As I’ve blogged in the past, probably the most moving moment of any Ironman race is watching the last few finishers push to make the midnight cutoff. All Ironman races start at 7:00AM, and allow competitors until midnight to finish – 17 hours in total.
Given I finished a bit earlier, I had plenty of time to get all cleaned up and come back out and cheer for everyone else. Besides – despite a solid (slow) waddle on my behalf, there’s really no reason I wouldn’t come out. Plus, I enjoy the very festive and supportive atmosphere – something you honestly rarely see at the pointy end of the pack.
I showed up around 11:30PM and began to work my way through the crowds as finishers trickled in.
The two finishers above were looking pretty beat and simply walked across the line. Though, most folks – even at this hour – do actually run in. I think it’s just the adrenaline of it all helps you to find some power somewhere – even after 17 hours – to run the last 100 yards.
In fact, some find so much energy they even do a little dance. The women below meets announcer Mike Reilly in the final stretch and does a bit of a jig before heading in to grab her finishers medal.
If you get down next to the chute, it’s lined with boards displaying various Ironman sponsors. The spectators will typically starting banging the boards as folks approach – or in tune to the pumping music.
Of course, giving high-fives is a big part of it. Folks lean out over the edge and then the finishers get a streak of high-fives all the way to the finish line.
The center of virtually any Ironman finish area is the announcer. He (or she, though I’m not aware of any M-Dot 140.6 races emcee’d by a women) keeps the crowd going for hours on end. Usually tag-teamed between two guys, they announce the names of virtually everyone crossing the line.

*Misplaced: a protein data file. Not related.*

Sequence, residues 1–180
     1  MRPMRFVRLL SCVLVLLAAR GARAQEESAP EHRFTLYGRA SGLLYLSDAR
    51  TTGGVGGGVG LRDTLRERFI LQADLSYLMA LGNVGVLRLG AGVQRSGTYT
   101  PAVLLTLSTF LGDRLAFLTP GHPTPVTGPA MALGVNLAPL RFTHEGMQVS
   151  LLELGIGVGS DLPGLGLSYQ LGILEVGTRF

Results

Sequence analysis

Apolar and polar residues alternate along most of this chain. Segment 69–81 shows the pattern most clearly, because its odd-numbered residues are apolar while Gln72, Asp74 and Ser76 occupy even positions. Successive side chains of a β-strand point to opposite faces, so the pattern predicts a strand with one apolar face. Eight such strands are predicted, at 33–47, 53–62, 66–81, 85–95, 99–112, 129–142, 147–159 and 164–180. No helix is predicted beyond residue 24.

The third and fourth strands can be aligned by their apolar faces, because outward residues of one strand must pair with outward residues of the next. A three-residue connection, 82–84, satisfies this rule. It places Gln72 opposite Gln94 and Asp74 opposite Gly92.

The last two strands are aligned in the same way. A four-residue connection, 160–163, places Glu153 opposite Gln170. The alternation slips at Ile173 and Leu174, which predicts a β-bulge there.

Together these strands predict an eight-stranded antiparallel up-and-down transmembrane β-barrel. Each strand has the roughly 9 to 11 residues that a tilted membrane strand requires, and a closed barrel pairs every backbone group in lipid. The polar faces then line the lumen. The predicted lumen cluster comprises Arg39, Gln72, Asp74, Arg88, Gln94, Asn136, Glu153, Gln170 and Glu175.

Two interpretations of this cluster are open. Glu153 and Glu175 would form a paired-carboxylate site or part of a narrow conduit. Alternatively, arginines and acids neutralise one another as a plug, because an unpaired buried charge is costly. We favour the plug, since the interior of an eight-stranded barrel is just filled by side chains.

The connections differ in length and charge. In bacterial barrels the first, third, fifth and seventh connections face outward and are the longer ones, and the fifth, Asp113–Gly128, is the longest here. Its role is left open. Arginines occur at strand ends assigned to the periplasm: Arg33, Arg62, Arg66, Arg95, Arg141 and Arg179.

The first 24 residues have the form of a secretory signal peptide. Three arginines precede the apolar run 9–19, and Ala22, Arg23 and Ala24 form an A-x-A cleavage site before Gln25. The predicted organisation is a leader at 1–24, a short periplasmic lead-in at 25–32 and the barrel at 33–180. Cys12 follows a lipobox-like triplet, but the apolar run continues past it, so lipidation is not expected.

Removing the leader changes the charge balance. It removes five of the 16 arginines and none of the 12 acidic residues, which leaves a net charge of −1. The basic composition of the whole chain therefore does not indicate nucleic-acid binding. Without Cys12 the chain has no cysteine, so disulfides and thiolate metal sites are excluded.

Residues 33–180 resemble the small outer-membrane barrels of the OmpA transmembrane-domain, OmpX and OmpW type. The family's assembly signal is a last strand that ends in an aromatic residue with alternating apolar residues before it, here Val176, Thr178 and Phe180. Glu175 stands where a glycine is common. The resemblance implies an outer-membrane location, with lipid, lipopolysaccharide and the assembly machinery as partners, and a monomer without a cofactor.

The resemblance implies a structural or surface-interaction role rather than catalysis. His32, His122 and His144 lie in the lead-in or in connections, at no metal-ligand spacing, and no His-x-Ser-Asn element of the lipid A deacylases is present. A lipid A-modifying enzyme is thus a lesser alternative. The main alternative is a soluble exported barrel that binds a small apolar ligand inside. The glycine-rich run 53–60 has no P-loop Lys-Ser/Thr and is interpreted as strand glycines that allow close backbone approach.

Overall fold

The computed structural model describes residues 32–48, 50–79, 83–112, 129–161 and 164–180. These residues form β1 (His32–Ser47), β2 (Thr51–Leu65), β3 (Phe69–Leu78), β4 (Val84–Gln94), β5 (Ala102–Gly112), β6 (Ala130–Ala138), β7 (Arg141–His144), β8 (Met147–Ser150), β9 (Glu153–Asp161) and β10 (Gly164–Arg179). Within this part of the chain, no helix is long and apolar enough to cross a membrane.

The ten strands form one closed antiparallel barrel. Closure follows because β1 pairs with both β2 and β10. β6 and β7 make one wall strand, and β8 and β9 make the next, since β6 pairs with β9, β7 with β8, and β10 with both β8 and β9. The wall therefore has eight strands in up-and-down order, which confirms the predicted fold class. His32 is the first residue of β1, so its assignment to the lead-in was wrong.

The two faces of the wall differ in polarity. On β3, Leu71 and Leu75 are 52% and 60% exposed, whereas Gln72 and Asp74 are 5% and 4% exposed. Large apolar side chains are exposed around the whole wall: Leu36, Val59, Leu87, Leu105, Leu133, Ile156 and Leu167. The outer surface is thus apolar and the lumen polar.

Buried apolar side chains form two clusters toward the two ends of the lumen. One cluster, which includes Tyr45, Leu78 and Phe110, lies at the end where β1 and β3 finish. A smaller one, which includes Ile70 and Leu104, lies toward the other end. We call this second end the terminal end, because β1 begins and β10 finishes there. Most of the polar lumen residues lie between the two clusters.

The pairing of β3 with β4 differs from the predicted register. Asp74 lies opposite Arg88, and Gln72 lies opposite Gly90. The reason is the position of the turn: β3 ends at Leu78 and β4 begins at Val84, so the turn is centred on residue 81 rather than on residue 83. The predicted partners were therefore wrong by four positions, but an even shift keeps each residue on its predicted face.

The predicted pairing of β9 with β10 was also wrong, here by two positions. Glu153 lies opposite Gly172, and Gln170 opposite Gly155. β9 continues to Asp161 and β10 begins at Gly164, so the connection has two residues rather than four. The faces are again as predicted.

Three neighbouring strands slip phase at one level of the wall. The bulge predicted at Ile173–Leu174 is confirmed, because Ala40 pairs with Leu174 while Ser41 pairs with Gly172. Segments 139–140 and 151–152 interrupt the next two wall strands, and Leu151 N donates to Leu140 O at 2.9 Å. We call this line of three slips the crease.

“And now coming down the chute from Alexandria, VA – we have Ray Maker. Ray Maker – You are an Ironman!”
And so it goes, for hours on end. But, many folks doing an M-Dot (official Ironman race put on by the World Triathlon Competition) wait for those final four words ‘You are an Ironman”. Because you simply can’t take that away from anyone.
As I mentioned, one of the most ‘legendary’ announcers is Mike Reilly (pictured below). He’s got more energy than a 6-pack of Red Bull’s and just keeps on going. From well before the starting canon until even a few minutes past midnight as the last few trickle in.
So let’s cut to a quick video I put together of the last few minutes of the race – ending with the final official finisher to come in (which, btw turns out to be IronMoe – so go give her some love).
Once the clock strikes midnight (17:00:00 hours), the race is officially over. However, there are usually a few folks within range that just barely missed the cutoff. Everyone still says though to cheer them in – getting just as big of a cheer as anyone right before the cutoff. In the past when I was at Canada they also announced just how far out these folks were and we’d try and make as much noise as possible in an effort to ‘pull them in’.
However, it doesn’t take very many minutes after midnight until things started clearing out. At Florida this year, there wasn’t reported to be anybody within sight – so people started trickling out within just a few minutes of the clock striking 17 hours.
And the crew didn’t waste any time. Less than 5 minutes after the final official finisher the timing equipment was being pulled away and getting ready to be trucked to the next location. Ironically about 90 seconds after the photo below a unaccounted for finisher wandered down the chute. While everyone was caught off-guard, we all cheered as much as possible.
He wouldn’t be officially listed on the final results as a finisher – but he still gets a medal & t-shirt.